One of many freight cars in the museum, below.  The other end of the car has a staircase to a covered brake platform.


Below.  There are many passenger and subway cars inside this part of the museum.  Inside most of the dining cars, tables were set up for meals like that seen below.  This is a common display in many of the better rail museums.


A very unusual French-built engine for front-line service in military zones.


Between the two main museum buildings is a large outdoor area, adjacent to the active SNCF main tracks, that has an operating turntable, diesel engine rides, modern electric locomotives, miniature train rides, and a lot more stuff.  Below is a nice exhibit of interesting signal equipment.


This cool electric is posed on the turntable.  Inside the museum is another such engine.


Below.  This is the first exhibit you encounter as you enter the second indoor museum building.  Unlike the first building which is very dark inside, this building is very well lit.  This is where the bulk of the museum’s equipment resides.  There are dozens and dozens of beautiful steam and electric locomotives, passenger cars, and exhibits here.

This part of the museum is set up by era.  Each track corresponds to a different era on the French railways.  This huge 4-6-4, below, is set up on rollers, and it runs every 20 minutes so visitors can see the running gear in action.  Note the sign says it is a “Hudson” type.


Restored steam is everywhere inside the second building.  This heavy Pacific, most of which is painted in a rich maroon color, was set up over a pit so you can walk underneath.  This particular engine was regularly assigned to a division between Paris and Calais.  It was taken out of service in 1967.


Here is yet another Pacific, below, depicting a World War I-era scene.


More steam…it is everywhere inside, in a bewildering number of types and styles from many eras.  This track includes locomotives from 1900 and earlier.


I had never seen one of these unusual, uncovered engines until this day.  I’ll bet it wasn’t a great job for the crew, exposed to the weather and everything coming out of the stack.


Here’s another old engine.  Check out that single, huge driver on each side.


In addition to the crew being exposed to the weather, they also had to work right next to that huge spinning driver.  Very interesting…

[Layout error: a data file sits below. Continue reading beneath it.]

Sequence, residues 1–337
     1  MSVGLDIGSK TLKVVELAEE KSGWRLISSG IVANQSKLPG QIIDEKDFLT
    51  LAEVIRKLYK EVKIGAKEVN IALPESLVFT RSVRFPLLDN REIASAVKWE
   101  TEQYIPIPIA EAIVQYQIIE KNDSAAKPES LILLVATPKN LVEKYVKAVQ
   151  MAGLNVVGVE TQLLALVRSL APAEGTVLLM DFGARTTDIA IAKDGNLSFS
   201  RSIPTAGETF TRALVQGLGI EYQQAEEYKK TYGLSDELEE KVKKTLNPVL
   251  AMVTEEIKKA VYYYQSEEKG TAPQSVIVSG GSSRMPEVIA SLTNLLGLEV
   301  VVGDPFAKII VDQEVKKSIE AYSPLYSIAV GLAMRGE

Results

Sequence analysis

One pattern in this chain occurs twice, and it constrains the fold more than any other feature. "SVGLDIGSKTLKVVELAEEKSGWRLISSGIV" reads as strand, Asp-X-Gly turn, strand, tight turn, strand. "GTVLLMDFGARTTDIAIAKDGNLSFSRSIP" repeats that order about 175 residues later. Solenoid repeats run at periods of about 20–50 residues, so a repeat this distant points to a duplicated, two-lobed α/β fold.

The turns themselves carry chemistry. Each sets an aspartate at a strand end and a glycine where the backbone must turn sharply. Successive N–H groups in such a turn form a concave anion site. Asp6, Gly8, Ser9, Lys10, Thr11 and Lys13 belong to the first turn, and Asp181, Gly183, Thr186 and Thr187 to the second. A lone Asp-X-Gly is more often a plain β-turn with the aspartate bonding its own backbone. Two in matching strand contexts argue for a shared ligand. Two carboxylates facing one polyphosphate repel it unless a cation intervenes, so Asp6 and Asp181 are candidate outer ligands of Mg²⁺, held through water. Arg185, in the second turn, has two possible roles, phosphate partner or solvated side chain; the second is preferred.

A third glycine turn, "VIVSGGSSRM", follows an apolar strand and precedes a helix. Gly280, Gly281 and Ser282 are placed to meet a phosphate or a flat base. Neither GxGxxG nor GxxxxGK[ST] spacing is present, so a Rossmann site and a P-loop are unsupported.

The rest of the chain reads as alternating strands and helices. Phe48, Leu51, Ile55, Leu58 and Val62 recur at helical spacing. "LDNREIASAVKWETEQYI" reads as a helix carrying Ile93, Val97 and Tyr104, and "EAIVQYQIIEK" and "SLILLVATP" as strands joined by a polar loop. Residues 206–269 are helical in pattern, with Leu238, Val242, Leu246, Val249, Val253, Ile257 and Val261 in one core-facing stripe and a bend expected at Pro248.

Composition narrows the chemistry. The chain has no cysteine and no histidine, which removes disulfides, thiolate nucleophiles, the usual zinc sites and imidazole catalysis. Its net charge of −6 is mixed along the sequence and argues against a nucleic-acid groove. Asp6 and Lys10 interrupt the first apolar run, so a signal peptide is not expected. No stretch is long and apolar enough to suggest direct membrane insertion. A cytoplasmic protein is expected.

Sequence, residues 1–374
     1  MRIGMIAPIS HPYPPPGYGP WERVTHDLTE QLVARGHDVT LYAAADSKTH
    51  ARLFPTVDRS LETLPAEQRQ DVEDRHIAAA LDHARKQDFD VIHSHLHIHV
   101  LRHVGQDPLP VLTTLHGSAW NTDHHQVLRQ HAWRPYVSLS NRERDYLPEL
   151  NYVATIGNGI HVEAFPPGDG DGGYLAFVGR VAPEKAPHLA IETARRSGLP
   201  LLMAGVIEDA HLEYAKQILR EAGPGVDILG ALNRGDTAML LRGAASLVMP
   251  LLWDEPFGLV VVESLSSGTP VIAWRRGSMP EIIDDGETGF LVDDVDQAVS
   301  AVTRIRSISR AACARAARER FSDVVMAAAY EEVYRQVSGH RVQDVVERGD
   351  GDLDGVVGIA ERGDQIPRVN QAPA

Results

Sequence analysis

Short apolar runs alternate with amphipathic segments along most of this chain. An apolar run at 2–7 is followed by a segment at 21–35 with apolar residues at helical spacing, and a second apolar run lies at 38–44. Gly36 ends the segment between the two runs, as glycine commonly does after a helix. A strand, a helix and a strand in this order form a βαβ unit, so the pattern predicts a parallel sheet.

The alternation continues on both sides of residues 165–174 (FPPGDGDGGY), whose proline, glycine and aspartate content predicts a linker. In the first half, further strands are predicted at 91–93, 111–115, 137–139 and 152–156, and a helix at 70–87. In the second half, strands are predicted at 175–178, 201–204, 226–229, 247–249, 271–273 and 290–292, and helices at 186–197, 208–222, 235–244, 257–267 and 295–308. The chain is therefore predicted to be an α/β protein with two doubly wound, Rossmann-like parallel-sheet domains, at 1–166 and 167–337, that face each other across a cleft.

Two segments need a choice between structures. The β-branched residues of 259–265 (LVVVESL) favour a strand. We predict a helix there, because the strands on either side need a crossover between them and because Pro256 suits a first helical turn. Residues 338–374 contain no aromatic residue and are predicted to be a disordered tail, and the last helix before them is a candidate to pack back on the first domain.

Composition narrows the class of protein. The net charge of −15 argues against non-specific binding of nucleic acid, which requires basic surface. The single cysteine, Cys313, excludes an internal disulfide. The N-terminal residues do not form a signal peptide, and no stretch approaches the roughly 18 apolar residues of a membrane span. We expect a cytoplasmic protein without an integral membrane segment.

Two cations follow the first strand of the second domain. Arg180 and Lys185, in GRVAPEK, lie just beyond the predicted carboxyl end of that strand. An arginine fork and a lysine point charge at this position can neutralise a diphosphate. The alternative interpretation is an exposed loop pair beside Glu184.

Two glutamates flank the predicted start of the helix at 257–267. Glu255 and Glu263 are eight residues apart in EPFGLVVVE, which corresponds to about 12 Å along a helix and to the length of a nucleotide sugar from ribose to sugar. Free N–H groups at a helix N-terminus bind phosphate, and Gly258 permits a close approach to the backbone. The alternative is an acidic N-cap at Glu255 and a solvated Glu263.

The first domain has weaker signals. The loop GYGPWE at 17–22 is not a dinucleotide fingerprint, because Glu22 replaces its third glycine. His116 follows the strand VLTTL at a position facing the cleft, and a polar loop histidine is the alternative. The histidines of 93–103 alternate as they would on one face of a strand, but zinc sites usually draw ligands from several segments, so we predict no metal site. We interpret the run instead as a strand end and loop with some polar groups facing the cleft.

Recognize this engine below?  It’s a Mikado-type, built by Baldwin in 1945 for the French Railways.  I understand it was rebuilt by the French at least once during it’s service life.  It is in spectacular condition.


SNCF has operated high-speed electric main lines, similar to the PRR, since the 1920s.  The museum collection includes a number of high-speed electric engines like the one below.   The museum considers these engines as if they are Formula One cars.  It’s a very interesting comparison, and the comparison carries through to another exhibit—which I didn’t photograph—of today’s super-fast TGV trains.


Here is a restored freight electric from the Midi Railways.


This is a dual-service electric engine built after SNCF took over as the national railway company.


This one, below, kinda looks like a refrigerator.


The museum, of course, includes thousands of models of many scales.  This handmade model from the 1930s features completely operational running gear, and operates every two minutes.  Its prototype companion sits on an adjacent track.


This model is an award-winner.  Love the medal!


Tucked away in a corner of the museum is a modeler’s room.  This room includes a large number of static displays and two operating layouts.  For one Euro-buck you can make the trains go.


Below.  This excellent all-metal model stands beside it’s prototype engine inside.


This model display case is near the entrance to the building.  It includes a large number of handsomely finished models in many scales, the smallest of which are probably O scale.


Below.  More exceptional prototype models in many different scales.  It’s too bad they aren’t running.


Below.  This electric engine model is set up on Ikea sawhorses just like my HO layout!  I had to include a photo.


And finally, to close out this post, I couldn’t resist including a photo of a French wine car.  Wonder if it’s red?


Until now I never appreciated the depth and breadth and history of the French railway scene.  And I’ve never been to a railway museum that both celebrates the past -AND- boasts of the future of railroading.  NO museum in America has the nerve to brag about railroading’s future…but this one does, and SNCF—with TGV, high-speed rail and a very modern freight-train network—has got the street creds to do it.

Even if you don’t speak French, you may enjoy checking out the museum’s website at  If you want more details, the Practical Information section of the website includes details on most of the museums’ collection.

I hope you enjoyed the tour!  – John G




No. 119: Railfan Day on the Rhine

#2 at High Level

Back in the early 1990s I was a young Air Force navigator flying C-141s out of Charleston AFB.  One of our usual runs was to Rhine-Main AB in Frankfurt, Germany.  I flew there often.